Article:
Frequently negotiations for a contract are begun between parties by general expressions of willingness to enter into a bargain upon stated terms and yet the natural construction of the words and conduct of the parties is rather that they are inviting offers, or suggesting the terms of a possible future

Ark. 576, 151 S. W. 1003; Wheat v. Cross, 31 Md. 99, 1 Am. Rep. 28; Mao-tier's Adm. v. Frith, 6 Wend. 103, 21 Am. Dec. 262. The facts in these cases suggest at least the situation supposed in the text.

15 Kleinhans v. Jones, 68 Fed. Rep. 742, 749, 15 C. C. A. 644; Joyce v. Hamilton, 111 Ind. 163, 12 N. E. 294; Wellington v. Apthorp, 145 Mass. 69, 13 N. E. 10; McTague v. Finnegan, 54 N. J. Eq. 454, 35 Atl. 542; Murphy v. Corrigan, 161 Pa. 59, 28 Atl. 947; Mccane v. People's Light & Heat Co., 178 Pa. 424, 35 Atl. 812; Callum v. Rice, 35 S. C. 551,15 S. E. 268.

16 Pollok v. San Diego, 118 Cal. 593, 50 Pac. 769; Madden v. Boston, 177 Mass. 350, 58 N. E. 1024; Bickford v. Hyde Park, 173 Mass. 536, 54 N. E. 250; Marsh v. Scituate, 153 Mass. 34, 26 N. E. 412, 10 L. R. A. 202; Bail v. Nashua, 61 N. H. 403; Mayor Ac. of Jersey City P. Harrison, 71 N. J. L. 69, 08 Atl. 100; Potter v. Hollister, 45 N. J. Eq. 508, 18 Atl 204. See also Wheeling & B. Bridge Co. v. Wheeling Bridge Co., 138 U. S. 287, 34 L. Ed. 967; Pike County v. Spencer, 192 Fed.

11, 112C.C.A.433. So an uncommu-nicated vote of highway commissioners to accept an offer which they had received, is not an acceptance. Northwestern Construction Co. v. North Hempstead, 121 N. Y. App. Div. 187, 105 N. Y. S. 581.

17 In re East of England Banking Co., 4 Ch. App. 14; Cumberland etc. R. Co. v. Shelbyville Ac. R. Co., 117 Ky. 95, 77 S. W. 690; Benton v. Springfield Young Men's Christian Association, 170 Mass. 534, 49 N. E. 928, 64 Am. St. Rep. 320; Hasard v. Hope Land Co., 69 Atl. 602 (R. I.), 18 L. R. A. (N. 3.) 293. See also dissenting opinion in Washer v. Independent Mining Co., 142 Cal. 702, 709, 76 Pac. 654.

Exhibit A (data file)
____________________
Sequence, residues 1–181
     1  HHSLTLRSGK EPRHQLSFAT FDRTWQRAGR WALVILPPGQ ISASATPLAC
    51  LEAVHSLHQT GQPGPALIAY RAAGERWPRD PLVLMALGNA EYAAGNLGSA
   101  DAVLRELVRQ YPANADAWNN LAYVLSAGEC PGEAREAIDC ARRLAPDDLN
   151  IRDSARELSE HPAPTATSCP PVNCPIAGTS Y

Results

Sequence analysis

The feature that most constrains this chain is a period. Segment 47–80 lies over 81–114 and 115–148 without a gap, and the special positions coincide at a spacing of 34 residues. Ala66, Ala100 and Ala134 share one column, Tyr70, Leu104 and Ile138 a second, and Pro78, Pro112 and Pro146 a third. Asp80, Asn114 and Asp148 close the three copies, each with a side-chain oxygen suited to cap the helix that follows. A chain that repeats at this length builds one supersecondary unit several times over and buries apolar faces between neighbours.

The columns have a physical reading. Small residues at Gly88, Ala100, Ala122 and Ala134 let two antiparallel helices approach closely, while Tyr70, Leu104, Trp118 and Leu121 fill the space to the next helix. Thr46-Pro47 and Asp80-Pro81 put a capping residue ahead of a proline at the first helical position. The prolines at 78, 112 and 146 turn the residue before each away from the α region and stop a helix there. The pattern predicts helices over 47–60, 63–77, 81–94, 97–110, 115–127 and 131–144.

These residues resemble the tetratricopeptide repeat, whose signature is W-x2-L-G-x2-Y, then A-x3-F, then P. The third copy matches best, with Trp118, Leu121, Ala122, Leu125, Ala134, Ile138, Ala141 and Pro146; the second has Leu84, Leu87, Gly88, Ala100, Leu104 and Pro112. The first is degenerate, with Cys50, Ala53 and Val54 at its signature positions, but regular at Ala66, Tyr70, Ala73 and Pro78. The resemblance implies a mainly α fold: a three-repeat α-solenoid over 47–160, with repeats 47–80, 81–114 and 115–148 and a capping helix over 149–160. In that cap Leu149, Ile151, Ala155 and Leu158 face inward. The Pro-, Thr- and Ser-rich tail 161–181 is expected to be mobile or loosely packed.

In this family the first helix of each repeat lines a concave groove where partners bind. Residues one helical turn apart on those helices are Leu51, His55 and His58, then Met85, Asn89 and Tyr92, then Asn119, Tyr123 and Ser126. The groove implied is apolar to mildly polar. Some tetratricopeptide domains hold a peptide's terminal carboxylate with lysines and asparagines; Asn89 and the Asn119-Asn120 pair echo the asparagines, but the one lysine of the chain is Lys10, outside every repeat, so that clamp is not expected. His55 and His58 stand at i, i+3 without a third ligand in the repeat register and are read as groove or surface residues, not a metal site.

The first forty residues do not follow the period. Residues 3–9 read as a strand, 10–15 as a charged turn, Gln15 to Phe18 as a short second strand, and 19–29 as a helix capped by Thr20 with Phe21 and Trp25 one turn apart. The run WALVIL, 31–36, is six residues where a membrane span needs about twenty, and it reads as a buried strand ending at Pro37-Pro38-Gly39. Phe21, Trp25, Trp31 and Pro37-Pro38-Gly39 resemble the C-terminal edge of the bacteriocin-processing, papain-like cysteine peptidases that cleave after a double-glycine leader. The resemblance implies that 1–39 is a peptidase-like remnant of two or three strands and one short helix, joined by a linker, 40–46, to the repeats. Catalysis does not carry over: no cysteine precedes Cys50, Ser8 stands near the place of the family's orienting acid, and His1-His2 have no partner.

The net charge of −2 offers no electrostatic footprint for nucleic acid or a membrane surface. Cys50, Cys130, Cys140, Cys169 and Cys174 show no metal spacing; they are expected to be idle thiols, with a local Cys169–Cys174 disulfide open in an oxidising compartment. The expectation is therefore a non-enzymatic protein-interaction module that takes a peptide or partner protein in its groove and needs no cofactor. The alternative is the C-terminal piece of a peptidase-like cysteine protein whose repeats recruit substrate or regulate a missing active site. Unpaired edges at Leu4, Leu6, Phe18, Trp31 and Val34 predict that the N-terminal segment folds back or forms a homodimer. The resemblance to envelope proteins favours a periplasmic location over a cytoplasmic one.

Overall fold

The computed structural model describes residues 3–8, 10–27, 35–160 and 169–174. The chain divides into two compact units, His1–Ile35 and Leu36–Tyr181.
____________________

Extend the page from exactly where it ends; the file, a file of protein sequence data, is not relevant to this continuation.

18 Rosborough v. Shasta R. R. Co., 22 Cal. 556, 561; Argus Co. v. Albany, 55 N. Y. 495, 503, 14 Am. Rep. 296; Western Timber Co. v. Kalama River Lumber Co., 42 Wash. 620,85 Pac. 338, 114 Am. St. Rep. 137, Cf. Acme Grain Co. v. Wenaus, 36 Dom. L. R. 347. An authorised communication of the vote will not turn it into an offer. Benton v. Springfield Young Men's Chrisbargain than making positive offers. Especially is this likely to be true where the words in question are in the form of an advertisement. Thus, if goods are advertised for sale at a certain price, it is not an offer, and no contract is formed by the statement of an intending purchaser that he will take a specified quantity of the goods at that price.19 The construction is rather favored that such an advertisement is a mere invitation to enter into a bargain rather than an offer. Even where the parties are dealing exclusively with one another by private letters, or telegrams, or oral conversation, the same question may arise; and language that at first sight may seem an offer may be found merely preliminary in its character.20 nan Association, 170 Mass. 534, 49 N. E. 928, 64 Am. St Rep. 320.

19 "It is not like cases in which you offer to negotiate, or you issue adver-tisements that you have got a stock of books to sell, or houses to let, in which case there is no offer to be bound by any contract. Such advertisements are often to negotiate-offers to receive offers-offers to chaffer, as, I think some learned Judge in one of the cases has said." Bowed, L. J., in Carlill v. Catholic Smoke Ball Co. [1893], 1 Q. B. 256, 268; Crawley v. Res [1909], Trans-nat,U06.

20 In Moulton v. Kershaw, 59 Wis. 316, 18 N. W. 172, 48 Am. Rep. 516, the defendants, salt dealers, wrote to the plaintiff, a dealer in salt, accustomed to buy salt in large quantities as the defendants knew, as follows: "Dear Sir,-In consequence of a rupture in the salt trade we are author rind to offer Michigan fine salt, in full carload lots of 80 to 96 barrels, delivered at your city, at 86 cents per barrel to be shipped per C. ft N. W. R. R. Co. only. At this price it is a bargain, as the price in general remains unchanged. Shall be pleased to receive your order."